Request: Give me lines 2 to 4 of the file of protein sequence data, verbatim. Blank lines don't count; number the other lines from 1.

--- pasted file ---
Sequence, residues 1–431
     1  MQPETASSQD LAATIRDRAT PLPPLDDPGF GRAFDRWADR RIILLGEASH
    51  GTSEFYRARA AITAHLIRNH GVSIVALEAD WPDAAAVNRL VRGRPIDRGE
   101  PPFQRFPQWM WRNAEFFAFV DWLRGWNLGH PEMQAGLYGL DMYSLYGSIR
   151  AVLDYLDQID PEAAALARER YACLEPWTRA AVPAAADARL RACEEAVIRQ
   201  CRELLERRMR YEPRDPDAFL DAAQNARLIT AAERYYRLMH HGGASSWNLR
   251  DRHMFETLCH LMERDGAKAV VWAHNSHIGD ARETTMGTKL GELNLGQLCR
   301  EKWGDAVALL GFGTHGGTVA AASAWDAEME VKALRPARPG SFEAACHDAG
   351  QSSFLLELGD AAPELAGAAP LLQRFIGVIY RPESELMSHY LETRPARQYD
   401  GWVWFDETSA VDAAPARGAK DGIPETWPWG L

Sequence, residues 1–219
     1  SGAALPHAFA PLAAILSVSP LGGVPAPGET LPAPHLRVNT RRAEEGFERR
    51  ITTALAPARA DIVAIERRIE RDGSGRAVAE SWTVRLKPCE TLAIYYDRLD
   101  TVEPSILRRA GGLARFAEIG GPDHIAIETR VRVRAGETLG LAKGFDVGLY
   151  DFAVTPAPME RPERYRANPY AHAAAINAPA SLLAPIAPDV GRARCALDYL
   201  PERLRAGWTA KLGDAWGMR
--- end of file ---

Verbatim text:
     1  MQPETASSQD LAATIRDRAT PLPPLDDPGF GRAFDRWADR RIILLGEASH
    51  GTSEFYRARA AITAHLIRNH GVSIVALEAD WPDAAAVNRL VRGRPIDRGE
   101  PPFQRFPQWM WRNAEFFAFV DWLRGWNLGH PEMQAGLYGL DMYSLYGSIR